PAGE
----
Good day to all.

I'm writing an application using Marionette.js and recently I started noticing that moving from view to view and starting/stopping different modules memory consumption grows and not getting released. I started wondering whether I unbind my events correctly and whether I bind to them correctly as well.

So, I have the following cases

  1. Modules

My application consists of sub-applications (modules). When I define a module I do some binding to global event aggregator. Something like this:

MyApplication.module(...) {
    var api = { ... some functions here ... }

    // Binding to events
    MyApplication.vent.on('some:event', function() {...});
    MyApplication.vent.on('some:other:event', function() {...});

I have checked the documentation and understand that "on" is not a very good choice, I should probably use "listenTo":

MyApplication.module(...) {
    var api = { ... some functions here ... }

    // Binding to events
    this.listenTo(MyApplication.vent, 'some:event', function() {...});
    this.listenTo(MyApplication.vent, 'some:other:event', function() {...});

But, here is the question, when module gets stopped, does it call "stopListening" or some other internal method that unbinds all the events I have bound in it? I checked the source code of the marionette's module and documentation but, if I understood correctly, when stop is called I need to take care of unbinding everything myself. Am I right?

  1. Controllers

Can be initialized and closed. From the documentation I see that:

Each Controller instance has a built in close method that handles unbinding all of the events that are directly attached to the controller instance, as well as those that are bound using the EventBinder from the controller.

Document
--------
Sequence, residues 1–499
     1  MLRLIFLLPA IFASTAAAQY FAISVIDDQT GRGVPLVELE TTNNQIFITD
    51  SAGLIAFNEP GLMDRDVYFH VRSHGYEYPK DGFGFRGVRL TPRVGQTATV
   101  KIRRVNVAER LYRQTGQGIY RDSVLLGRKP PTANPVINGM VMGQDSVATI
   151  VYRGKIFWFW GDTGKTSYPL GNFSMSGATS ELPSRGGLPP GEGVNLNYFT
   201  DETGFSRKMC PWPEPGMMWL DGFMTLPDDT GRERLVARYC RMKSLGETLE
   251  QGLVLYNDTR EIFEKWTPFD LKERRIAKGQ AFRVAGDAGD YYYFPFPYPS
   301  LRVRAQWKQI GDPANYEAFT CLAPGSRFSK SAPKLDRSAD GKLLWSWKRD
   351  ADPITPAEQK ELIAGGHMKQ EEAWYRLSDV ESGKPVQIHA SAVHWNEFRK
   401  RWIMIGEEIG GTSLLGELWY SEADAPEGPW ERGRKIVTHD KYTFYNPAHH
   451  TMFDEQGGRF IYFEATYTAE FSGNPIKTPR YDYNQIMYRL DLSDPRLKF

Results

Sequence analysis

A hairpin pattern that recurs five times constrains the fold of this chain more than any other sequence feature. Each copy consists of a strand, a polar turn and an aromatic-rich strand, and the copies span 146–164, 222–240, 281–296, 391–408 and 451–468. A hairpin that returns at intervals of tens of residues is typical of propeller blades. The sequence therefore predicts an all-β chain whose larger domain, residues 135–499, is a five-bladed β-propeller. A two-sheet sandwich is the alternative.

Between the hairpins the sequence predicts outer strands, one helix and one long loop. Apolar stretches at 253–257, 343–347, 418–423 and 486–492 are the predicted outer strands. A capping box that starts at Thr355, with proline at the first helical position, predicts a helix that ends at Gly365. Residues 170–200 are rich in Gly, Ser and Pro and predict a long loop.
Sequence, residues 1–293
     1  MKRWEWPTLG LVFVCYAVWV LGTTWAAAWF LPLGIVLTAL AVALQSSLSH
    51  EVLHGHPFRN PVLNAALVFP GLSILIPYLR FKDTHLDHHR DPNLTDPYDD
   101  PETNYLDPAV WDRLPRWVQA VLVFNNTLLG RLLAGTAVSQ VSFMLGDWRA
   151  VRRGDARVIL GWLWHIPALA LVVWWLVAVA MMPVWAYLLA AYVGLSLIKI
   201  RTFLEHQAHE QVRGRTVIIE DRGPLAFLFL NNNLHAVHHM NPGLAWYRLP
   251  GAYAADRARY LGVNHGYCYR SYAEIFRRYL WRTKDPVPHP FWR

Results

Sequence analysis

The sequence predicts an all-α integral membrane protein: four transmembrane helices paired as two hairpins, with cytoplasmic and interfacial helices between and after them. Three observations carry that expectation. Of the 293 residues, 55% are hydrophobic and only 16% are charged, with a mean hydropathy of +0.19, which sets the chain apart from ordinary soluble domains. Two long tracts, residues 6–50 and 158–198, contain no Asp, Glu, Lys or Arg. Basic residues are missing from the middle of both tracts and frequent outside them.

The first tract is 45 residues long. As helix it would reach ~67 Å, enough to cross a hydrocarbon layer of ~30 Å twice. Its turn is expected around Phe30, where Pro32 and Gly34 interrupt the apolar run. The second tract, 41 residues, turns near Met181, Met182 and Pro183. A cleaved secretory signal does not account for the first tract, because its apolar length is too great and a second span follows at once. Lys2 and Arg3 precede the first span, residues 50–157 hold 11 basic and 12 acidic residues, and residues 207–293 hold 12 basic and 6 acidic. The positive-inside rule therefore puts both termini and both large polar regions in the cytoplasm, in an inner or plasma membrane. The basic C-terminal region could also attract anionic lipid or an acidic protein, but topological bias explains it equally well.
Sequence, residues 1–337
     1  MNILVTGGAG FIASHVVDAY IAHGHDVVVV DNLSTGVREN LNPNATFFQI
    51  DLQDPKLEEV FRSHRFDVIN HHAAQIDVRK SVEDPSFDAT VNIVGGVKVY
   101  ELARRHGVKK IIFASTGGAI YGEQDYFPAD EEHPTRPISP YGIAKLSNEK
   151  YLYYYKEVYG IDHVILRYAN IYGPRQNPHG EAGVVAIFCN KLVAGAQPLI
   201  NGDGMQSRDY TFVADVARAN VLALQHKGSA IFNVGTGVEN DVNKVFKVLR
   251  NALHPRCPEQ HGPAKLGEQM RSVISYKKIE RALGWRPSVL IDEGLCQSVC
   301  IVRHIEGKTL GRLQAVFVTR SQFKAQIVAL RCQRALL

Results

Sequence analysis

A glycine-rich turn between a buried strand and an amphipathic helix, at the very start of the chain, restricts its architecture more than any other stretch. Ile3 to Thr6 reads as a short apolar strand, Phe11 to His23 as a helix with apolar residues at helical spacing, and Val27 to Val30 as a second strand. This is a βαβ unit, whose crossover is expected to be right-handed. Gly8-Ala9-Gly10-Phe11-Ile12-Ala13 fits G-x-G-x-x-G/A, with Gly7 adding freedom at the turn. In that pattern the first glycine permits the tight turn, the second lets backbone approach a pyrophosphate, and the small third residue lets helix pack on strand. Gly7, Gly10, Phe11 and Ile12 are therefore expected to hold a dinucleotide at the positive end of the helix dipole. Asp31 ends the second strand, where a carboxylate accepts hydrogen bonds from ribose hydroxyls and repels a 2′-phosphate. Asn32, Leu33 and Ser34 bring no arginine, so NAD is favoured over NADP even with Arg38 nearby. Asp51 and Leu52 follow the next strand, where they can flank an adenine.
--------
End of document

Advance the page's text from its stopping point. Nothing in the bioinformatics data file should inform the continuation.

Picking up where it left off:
Does it mean that if do the following I correctly unbind all of the events I bound in the controller? I guess the answer is yes.

MyApplication.module(...) {
    var controller = Marionette.Controller.extend({

        // This will be unbinded as I understand?
        this.listenTo(someObject, 'some:event', _.bind(function() {

            // This will also be unbinded
            this.listenTo(someOtherObject, 'some:event', function() {

                // This won't be, because in this case this is not in a "controller"
                // context but in a function's context which wasn't bound to "controler"
                // context.
                this.listenTo(some3rdObject, 'some:event', function() { ... });


        }, this));

    // Create controller when this sub-application gets initialized.
    Contents.addInitializer(function () {
        MyModule.Controller = new controller();

    // Destroy controller and unbind all its event handlers.
    Contents.addFinalizer(function () {
        delete Contents.Controller;

So, with controllers I don't need to do anything as long as I use "listenTo", correct?


In views, according to documentation, all gets unbinded when the view gets closed. And again, as long as I use

this.listenTo(..., 'some:event', function() {...});

I should be ok, correct?

To summarize... I only need to take care of unbinding in module's stop event, in all other cases it is taken care of by marionette's core as long as I don't use direct "on" and use "this.listenTo" instead.

Thank you all very much in advance for your answers.

1 Answer 1


Controllers and Views do their cleaning work correctly but Modules doesn't do it.

Here is more detailed info:

  1. Controller

    If you close controller it will unbind all events that are bonded using listenTo in context of controller. You can look in in controller source code.

  2. View

    According to Backbone.View source code remove method does stopListening. Also Marionette.View's close calls backbone's remove under the hood. Here is source code.

  3. Module

    I've checked Marionette.Module source code but there is no stopListening in stop method. So, Marionette.Module#stop does not do unbinding of events and you should do it manually in finalizer or in onStop, onBeforeStop handlers.

    UPDATED: After Marionette.js v1.7.0 Marionette.Module calls stopListening on stop to unbind all events.

  • Thank you very much for your comments Dmytro.
    – Roman K.
    Mar 17, 2014 at 10:04

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